EFN supports the need for a review of the Water Act and the associated legislation. The impact of climate change and the significant work on sustainable water strategies has resulted in the 1989 legislation being no longer fit for purpose. EFN expects that climate change will have a major impact on water security in the next planning period (15 years). There has also been significant restructuring of all aspects of the water industry and heightened involvement by the Federal Government through the Murray Darling Basin Authority.
Environmental values need more emphasis in the Objects of the Act. The assessment and enshrining of environmental water should be the cornerstone of legislation, not just a supplement to it. We feel that Clause 4 of the draft (Objects of the Act) could be much more visionary.
Many of our members are broad acre farmers reliant on domestic and stock supplies. The Draft Bill does not appear to provide for adequate protection of these water supplies from other activities in the catchment. The Draft Bill also seems to give precedence to existing entitlement holders which means that in an over-allocated system, the environment will always miss out.
We also recognise that the proposed draft Bill is “enabling” legislation; not prescriptive. However this means that the outcomes of some sections of the draft Bill are not clear to EFN. We also note that there appears to be much more Ministerial discretion than in the previous legislation.
Environmental water: although the draft exposure bill attempts to simplify the concept of environmental water there appears to be no mechanism to maintain and enhance the environmental values of unregulated streams such as the Hopkins River. The trend to intensified land use and peri urban development will increase pressure on already stressed waterways. The draft Bill needs to demonstrate a whole of catchment approach to water management. The draft Bill also appears to enable capture and storage of “over the bank” flows in flood events. These flood events are essential to the maintenance of a healthy river and associated wetlands (recharge of surface and ground water on riparian floodplain) and should not be seen as an opportunity to trap water in tank dams.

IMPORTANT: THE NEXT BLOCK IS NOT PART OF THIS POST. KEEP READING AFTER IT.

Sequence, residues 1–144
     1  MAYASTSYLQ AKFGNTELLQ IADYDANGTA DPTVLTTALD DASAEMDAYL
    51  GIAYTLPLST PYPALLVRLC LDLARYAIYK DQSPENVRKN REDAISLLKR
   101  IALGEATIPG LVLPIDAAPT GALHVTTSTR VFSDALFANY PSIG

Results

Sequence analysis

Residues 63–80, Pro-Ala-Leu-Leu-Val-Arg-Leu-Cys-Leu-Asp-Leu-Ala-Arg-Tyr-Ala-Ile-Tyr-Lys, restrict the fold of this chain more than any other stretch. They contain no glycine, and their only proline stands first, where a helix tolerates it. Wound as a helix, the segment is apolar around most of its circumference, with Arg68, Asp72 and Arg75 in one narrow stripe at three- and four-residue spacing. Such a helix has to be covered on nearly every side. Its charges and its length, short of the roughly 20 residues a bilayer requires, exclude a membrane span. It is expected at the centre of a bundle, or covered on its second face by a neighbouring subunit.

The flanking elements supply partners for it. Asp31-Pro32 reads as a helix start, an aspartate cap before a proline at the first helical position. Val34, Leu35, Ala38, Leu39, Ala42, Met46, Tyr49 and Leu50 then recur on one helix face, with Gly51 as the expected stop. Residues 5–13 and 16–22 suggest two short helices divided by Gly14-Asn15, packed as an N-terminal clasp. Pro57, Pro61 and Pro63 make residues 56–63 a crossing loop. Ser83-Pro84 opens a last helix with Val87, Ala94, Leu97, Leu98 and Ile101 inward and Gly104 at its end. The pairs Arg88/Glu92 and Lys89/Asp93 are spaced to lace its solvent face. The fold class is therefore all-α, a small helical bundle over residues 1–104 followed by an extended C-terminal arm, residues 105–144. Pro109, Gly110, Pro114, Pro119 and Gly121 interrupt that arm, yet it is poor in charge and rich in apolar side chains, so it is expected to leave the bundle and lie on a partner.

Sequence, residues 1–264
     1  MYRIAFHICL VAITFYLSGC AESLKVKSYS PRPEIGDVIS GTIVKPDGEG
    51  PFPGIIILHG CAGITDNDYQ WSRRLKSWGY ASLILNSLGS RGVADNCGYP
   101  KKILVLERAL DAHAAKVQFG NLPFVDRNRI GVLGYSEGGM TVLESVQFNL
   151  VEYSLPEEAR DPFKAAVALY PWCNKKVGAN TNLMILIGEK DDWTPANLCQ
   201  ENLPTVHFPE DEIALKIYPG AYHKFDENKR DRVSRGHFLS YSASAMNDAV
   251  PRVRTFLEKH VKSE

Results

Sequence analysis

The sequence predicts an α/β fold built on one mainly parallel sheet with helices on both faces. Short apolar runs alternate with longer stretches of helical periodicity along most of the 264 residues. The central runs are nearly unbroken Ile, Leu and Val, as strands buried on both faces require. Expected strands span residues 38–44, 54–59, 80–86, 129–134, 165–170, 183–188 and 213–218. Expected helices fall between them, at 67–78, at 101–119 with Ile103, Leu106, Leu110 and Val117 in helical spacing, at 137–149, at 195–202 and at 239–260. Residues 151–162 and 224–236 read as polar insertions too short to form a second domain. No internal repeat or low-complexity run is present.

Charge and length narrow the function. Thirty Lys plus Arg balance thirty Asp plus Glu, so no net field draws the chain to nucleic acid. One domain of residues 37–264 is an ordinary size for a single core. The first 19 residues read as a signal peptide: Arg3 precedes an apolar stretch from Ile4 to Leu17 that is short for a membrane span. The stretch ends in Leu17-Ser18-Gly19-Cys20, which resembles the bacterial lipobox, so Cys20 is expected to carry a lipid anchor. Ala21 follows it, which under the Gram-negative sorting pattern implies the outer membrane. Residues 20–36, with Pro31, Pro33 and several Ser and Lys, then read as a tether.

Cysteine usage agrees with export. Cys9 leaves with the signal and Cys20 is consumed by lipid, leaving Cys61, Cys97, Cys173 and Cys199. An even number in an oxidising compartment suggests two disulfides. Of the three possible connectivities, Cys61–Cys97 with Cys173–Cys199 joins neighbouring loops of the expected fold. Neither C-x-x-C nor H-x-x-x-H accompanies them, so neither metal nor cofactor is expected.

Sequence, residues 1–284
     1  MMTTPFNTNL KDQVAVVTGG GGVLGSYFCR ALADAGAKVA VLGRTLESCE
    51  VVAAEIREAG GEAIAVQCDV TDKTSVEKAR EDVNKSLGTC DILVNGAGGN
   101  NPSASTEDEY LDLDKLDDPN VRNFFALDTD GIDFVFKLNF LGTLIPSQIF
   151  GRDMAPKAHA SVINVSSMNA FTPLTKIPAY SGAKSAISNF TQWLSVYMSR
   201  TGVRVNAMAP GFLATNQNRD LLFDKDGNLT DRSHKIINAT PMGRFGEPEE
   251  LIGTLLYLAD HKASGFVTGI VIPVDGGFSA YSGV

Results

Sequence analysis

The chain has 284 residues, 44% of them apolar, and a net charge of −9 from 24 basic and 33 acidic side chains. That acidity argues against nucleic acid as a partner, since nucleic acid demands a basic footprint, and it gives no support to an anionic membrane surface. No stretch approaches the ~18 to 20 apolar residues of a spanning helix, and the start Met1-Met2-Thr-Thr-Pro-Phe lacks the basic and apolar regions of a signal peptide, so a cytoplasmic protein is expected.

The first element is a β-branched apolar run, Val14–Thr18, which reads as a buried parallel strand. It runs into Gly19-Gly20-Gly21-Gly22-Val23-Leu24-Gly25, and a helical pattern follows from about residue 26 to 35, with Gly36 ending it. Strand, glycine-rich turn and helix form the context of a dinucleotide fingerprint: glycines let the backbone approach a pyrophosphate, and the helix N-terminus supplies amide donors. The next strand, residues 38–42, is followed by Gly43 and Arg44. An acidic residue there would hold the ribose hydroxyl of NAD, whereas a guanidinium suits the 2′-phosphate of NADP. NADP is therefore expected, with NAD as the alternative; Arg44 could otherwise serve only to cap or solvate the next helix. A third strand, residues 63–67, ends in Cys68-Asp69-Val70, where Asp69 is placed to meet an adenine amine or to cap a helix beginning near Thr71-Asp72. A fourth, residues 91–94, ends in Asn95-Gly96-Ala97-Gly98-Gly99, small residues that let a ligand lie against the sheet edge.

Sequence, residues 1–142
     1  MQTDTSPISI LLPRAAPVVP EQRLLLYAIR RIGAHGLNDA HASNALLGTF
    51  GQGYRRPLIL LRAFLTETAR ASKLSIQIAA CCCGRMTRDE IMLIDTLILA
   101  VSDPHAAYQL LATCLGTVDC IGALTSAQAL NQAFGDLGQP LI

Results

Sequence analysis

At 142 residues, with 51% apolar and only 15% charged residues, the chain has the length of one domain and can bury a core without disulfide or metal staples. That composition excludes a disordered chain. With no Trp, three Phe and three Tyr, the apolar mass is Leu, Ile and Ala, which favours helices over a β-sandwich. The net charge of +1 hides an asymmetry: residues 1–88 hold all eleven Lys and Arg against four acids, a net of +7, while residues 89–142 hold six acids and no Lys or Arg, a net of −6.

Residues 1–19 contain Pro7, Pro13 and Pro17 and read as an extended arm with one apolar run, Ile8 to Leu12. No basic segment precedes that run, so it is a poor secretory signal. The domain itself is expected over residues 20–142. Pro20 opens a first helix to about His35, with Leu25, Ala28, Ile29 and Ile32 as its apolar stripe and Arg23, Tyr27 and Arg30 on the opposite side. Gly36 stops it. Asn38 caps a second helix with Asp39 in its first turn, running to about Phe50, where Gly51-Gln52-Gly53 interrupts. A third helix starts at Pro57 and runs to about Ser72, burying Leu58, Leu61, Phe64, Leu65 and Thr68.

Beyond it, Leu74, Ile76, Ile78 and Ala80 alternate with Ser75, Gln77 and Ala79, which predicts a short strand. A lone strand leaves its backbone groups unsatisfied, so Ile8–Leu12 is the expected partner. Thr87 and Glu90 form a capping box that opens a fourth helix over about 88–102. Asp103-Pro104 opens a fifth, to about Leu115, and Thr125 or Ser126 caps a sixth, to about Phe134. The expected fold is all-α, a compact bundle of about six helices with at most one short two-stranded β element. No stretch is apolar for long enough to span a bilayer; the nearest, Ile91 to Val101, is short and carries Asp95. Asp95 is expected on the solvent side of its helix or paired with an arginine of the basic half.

“Balancing” environmental, social, economic and cultural outcomes may sound good but a balanced approach leads to continuing deterioration of environmental values of waterways. Historical development has skewed the balance away from environmental considerations. Surely environmental values are a priority as the other values are dependent on healthy waterways.
Reviewing strategies: The process proposed to replace the Sustainable Water Strategies is not adequate. Given the projected impact of climate change on Victoria’s water resources the 15 year resource assessment must be followed by a strategic review. The Minister should be obliged to follow recommendations of an independent expert panel which is properly representative of all stakeholders, including the environment.
Catchments as sources of water: The current Water Act, and much of this exposure draft, misses the opportunity to build links with the management of land for optimising both water quantity and water quality in our drainage lines and waterways. The Objects of the Act talk of promoting the whole of water cycle management, so it is good to see the tentative start with the new inclusion of Clauses 448 – 456.
Advisory panels: The Draft Bill enables the Minister to appoint advisory panels for a number of review activities. EFN recognises that the actual make up of these panels cannot be specified in an act but there should be some indication that environmental expertise has adequate representation. For example, the current panel advising the Minister on developing the Draft Bill does not include anyone with expertise in the area of environmental water management.
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